Now within that tradition, it is certainly accurate to state that we represent a liberal (with a lower case “l”) perspective in the larger world of Western religion and Christianity – one that asserts that the life of faith is made clearer and better through the use of reason and critical scholarship.  Our study of the history of Christianity has taught us that while beliefs and theologies change over time, having compassion for those in our midst never does.

A few moments ago, we heard about one of the great 19th- century proponents of this idea. In 1840, the Rev. Theodore Parker argued passionately in a now famous sermon that religious ideas and theological conceptions change over time and are therefore transient.  What is permanent in Christianity is the presence of Jesus and the ideals of love, compassion and service.  Parker was one of several religious thinkers making such an argument in the 19th century, and his ideas have influenced how we seek to be in community and the ways we try to serve and make a difference.

For make no mistake: this is a church that has over the decades been a place that stimulates the mind, inspires the soul, encourages the heart, and revitalizes the community.  We are a people who have dared to consider how to make our community and region and world a better place and then have gotten to work on that vision.  As a result, this is a church and a pulpit that has not shied away from addressing some of the pressing social topics of the day.  I’d like to think that I have continued this long tradition here.  I know over the years I have found myself inspired to preach about various social, moral and – dare I say – political issues.

For example, last night major monuments around the world turned off their lights at exactly 10 p.m. local time to raise awareness about the climate crisis….

From gay marriage to the death penalty, from the tax system to abortion, from the federal deficit to corporate corruption and greed, from the insidious influence that special interest lobbying has on our government to the looming threat of climate change, I have not shied away from certain controversial or topical subjects.  Each time, I have endeavored to engage the topic in a way that does not denounce and divide but rather invites people into a dialogue and conversation, knowing full well that I am speaking to bright and capable people.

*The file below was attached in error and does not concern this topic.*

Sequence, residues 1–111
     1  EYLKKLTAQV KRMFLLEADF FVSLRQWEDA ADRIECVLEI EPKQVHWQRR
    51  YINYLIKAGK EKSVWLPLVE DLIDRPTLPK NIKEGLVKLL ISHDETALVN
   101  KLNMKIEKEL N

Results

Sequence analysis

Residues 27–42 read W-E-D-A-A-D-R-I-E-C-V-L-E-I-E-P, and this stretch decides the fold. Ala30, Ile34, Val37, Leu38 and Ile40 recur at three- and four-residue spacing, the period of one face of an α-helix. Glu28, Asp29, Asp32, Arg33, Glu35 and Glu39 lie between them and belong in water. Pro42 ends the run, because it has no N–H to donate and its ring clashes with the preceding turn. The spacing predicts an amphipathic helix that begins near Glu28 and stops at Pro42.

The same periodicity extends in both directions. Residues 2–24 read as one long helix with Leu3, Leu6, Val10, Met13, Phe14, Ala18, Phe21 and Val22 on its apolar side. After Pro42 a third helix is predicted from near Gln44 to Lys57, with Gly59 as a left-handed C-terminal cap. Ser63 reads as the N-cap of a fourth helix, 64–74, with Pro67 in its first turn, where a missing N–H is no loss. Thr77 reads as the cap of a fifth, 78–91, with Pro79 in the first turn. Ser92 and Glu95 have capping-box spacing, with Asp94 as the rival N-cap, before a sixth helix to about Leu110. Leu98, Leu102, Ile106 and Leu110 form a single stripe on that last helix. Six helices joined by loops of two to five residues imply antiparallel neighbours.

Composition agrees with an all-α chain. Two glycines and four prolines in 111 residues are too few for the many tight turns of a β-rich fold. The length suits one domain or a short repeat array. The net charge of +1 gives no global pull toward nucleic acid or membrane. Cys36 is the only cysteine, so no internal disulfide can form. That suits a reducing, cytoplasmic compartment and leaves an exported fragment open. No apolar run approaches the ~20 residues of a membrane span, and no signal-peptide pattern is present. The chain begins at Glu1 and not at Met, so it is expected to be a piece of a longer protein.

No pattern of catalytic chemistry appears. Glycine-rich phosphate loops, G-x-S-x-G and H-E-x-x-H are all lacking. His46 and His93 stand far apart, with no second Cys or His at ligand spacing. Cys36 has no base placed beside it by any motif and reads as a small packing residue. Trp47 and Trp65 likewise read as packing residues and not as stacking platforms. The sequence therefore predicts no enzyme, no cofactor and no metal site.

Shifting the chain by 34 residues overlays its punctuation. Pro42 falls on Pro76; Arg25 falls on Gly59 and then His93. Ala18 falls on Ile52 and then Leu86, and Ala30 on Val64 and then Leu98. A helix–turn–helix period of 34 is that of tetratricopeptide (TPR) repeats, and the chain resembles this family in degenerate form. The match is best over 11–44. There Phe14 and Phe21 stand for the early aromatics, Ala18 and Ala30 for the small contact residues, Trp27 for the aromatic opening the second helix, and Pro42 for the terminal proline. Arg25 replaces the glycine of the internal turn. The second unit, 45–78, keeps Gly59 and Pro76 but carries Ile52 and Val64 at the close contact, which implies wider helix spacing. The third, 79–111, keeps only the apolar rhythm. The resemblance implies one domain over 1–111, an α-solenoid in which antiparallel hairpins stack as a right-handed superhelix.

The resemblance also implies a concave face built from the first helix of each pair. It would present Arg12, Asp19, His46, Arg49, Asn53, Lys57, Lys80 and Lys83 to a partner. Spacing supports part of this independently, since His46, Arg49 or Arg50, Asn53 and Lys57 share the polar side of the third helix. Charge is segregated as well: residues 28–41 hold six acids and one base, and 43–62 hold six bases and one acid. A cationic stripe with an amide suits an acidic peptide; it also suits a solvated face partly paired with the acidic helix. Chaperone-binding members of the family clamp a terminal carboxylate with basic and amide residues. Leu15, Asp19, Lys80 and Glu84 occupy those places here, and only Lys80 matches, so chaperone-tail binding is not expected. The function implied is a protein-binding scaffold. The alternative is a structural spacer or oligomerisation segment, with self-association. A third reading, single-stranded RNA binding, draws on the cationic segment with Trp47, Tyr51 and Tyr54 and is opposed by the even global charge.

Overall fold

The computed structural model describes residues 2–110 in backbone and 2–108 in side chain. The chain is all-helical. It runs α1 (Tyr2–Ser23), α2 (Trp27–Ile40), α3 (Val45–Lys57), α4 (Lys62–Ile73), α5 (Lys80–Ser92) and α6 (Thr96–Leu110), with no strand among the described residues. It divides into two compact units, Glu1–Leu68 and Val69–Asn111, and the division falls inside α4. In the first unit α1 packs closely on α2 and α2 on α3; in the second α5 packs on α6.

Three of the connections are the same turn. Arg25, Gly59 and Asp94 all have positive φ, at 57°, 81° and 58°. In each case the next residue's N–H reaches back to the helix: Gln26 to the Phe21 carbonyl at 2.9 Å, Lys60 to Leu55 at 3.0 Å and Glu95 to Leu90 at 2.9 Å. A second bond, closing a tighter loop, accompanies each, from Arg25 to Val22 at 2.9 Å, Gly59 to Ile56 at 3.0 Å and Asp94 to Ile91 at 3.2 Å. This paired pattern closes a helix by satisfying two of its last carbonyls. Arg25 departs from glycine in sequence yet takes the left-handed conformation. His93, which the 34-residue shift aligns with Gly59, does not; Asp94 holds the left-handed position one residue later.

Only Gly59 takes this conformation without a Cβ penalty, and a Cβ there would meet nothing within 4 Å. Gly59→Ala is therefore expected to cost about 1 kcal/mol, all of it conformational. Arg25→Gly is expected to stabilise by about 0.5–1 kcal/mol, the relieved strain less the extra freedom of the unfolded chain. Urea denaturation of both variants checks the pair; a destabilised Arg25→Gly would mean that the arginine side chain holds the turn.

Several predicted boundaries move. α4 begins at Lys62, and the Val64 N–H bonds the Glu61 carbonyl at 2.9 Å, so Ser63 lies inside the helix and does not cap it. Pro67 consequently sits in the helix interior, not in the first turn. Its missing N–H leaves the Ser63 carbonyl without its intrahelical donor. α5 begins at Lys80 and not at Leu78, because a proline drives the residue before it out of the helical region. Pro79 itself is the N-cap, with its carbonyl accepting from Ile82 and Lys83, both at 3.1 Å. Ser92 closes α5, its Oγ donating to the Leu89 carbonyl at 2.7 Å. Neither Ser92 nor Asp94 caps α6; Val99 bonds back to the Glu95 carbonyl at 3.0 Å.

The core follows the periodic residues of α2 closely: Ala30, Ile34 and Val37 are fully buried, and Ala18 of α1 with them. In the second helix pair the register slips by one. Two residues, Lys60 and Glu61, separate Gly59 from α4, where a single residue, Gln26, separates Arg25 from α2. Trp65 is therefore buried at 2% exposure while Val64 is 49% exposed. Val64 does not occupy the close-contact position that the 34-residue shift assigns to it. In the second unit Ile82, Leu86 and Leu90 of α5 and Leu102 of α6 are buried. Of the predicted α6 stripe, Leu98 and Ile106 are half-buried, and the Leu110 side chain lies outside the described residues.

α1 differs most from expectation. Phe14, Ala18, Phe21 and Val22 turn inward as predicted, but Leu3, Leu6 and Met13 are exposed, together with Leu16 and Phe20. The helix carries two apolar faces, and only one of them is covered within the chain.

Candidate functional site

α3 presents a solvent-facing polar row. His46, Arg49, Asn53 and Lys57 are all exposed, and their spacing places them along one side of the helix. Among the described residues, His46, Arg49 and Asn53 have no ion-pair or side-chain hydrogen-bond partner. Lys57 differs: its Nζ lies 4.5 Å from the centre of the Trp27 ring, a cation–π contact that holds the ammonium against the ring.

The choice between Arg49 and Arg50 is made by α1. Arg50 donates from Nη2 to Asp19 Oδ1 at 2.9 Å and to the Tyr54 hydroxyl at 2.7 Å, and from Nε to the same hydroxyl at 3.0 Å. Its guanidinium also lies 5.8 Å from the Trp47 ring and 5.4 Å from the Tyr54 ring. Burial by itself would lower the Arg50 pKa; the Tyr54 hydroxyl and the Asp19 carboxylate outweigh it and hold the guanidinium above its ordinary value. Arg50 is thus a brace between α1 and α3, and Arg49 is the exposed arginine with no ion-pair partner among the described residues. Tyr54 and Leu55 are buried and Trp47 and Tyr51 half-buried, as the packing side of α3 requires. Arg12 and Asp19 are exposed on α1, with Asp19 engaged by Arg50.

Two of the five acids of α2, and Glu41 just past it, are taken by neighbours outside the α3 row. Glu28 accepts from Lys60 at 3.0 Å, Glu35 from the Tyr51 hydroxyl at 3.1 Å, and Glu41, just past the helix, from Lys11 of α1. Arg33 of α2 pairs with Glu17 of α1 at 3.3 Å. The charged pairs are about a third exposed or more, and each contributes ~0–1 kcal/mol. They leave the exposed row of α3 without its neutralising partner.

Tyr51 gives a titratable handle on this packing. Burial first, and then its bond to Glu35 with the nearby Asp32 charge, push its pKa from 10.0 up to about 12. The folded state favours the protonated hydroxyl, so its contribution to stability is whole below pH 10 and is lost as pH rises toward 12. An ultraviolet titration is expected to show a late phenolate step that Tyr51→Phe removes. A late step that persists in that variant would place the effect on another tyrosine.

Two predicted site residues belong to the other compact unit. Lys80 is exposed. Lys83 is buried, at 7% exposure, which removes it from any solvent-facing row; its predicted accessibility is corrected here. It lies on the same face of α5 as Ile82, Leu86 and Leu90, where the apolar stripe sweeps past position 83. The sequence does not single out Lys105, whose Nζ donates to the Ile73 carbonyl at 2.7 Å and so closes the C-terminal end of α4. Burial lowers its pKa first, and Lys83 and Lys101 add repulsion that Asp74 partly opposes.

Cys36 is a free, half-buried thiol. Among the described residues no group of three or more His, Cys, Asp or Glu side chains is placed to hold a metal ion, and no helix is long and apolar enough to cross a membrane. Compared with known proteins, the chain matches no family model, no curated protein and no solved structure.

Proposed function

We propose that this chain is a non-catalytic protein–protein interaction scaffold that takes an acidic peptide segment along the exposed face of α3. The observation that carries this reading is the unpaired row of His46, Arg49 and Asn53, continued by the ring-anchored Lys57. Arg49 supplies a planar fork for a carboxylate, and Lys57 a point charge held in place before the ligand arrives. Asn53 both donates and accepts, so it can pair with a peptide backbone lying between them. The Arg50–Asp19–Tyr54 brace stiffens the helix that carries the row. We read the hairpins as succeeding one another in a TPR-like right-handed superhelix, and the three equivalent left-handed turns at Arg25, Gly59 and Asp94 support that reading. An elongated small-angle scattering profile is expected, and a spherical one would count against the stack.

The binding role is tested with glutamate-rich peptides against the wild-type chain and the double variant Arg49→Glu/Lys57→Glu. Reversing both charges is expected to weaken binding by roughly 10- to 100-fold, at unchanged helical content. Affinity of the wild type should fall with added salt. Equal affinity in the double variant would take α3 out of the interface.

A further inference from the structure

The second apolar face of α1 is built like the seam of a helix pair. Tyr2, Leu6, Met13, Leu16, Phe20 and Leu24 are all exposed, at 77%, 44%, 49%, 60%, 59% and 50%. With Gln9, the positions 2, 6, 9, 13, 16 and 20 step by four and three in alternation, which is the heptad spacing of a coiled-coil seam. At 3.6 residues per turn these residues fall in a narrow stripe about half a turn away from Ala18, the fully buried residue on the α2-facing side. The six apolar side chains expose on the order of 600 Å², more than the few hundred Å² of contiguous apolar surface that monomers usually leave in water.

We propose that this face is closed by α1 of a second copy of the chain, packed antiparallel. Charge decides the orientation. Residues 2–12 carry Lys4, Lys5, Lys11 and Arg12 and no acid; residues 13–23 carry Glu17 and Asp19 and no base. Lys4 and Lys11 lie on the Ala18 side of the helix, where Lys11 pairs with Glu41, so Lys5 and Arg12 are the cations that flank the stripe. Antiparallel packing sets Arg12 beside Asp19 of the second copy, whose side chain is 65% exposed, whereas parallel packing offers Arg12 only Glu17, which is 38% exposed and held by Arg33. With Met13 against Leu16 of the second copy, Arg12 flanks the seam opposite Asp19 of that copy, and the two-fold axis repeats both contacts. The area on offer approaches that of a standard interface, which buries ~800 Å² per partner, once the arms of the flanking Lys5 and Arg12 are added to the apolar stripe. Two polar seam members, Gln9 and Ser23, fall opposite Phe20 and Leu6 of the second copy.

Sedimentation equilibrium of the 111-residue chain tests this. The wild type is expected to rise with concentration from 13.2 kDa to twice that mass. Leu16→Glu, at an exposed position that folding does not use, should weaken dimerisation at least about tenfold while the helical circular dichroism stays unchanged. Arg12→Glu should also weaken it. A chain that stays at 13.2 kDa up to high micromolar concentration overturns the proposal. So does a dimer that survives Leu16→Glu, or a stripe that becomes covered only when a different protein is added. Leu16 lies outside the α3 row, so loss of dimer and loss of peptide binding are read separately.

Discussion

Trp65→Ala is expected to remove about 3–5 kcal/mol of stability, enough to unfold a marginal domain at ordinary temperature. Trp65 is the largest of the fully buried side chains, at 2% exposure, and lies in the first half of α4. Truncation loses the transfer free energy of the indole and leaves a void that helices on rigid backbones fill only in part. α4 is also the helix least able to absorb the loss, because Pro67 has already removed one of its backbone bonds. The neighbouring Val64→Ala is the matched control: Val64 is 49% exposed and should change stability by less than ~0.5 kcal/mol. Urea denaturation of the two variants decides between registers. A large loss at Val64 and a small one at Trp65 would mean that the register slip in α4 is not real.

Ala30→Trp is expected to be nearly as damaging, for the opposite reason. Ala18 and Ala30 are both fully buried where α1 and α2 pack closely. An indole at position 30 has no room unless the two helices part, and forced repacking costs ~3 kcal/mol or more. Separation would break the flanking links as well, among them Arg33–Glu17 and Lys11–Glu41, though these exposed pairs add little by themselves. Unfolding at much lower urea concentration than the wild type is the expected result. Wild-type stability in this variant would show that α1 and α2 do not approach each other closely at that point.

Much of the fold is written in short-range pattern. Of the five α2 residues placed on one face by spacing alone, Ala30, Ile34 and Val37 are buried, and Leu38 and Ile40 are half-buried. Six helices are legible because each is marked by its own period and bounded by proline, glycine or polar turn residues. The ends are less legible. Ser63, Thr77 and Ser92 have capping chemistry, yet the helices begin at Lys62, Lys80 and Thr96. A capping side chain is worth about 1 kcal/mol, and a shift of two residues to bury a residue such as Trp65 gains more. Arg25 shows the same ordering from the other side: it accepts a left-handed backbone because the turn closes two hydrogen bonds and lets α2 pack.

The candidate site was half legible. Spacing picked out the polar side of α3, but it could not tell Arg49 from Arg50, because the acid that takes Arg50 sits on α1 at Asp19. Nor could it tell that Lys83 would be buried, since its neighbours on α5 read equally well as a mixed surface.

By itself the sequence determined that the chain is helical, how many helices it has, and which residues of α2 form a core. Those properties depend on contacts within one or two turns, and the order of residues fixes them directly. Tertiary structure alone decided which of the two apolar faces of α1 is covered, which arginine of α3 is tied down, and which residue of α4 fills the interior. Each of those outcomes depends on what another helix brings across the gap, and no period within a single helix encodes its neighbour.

While I might be labeled as liberal at times, I certainly have taken stands on some social issues that, every once in a while, make me sound conservative.  If I am doing my job, I am holding up various salient issues and finding different ways to apply biblical and religious principles to the problems and challenges of our day.  In each instance, my purpose is to hold them up in such a way that invites dialogue and consideration – that invites all of us to think and to consider and to dream and then respond in ways that are healing, hopeful and life- affirming, in ways where we can bring to light the story of the Gospel.

That is the point of all this: to connect to a sacred mystery beyond ourselves and within ourselves, all with the hope of fostering peace and goodwill among ourselves; to find ways for all of us to consider anew the teachings of the Hebrew Prophets and Jesus – and occasionally the other great religious traditions of the world – and to be inspired to live our lives accordingly.  In a very real way, that is why our religious faith is personal but never entirely private.  A faith that is based on the professions of the Hebrew Prophets and the teachings of Jesus most certainly has a personal element to it.  We should leave time for reading scripture, for study, for prayer and meditation, for singing and worshiping.  But all of these activities are for a larger purpose.  Our faith should be working in our lives.  There should be visible signs in who we are, in the choices we make and the causes we support.

In a sense, the real question in any religious tradition is not whether or not your faith is political but how your beliefs and practice influence the rest of your life.  To put it in traditional terms, where is God working in your life?  What are the areas that you are wrestling with and how does your faith inform and influence them?  How is the spirit or your higher power or God or Jesus Christ or whatever name you use – how is this presence influencing your life?  And how does your life and faith help or hinder the coming Kingdom of God?

It’s funny:  I remember many years ago, I was asked to guest preach here in Weston.  It may have been during Tom Wintle’s first sabbatical.  The sermon I preached dealt with markets and corporate ethics and responsibility.  Does anyone here remember Enron?  That was the single worst corporate bankruptcy in American history, at least up until 2008.  I talked about the completely unethical trading practices and false financial reporting that senior executives at Enron used to cover up their malfeasance.   Well, you could have heard a pin drop that morning here in church.  This place seemed to be full of financial executives, mutual fund managers and investment advisors.  I certainly would not have been accused of shying away from a difficult topic.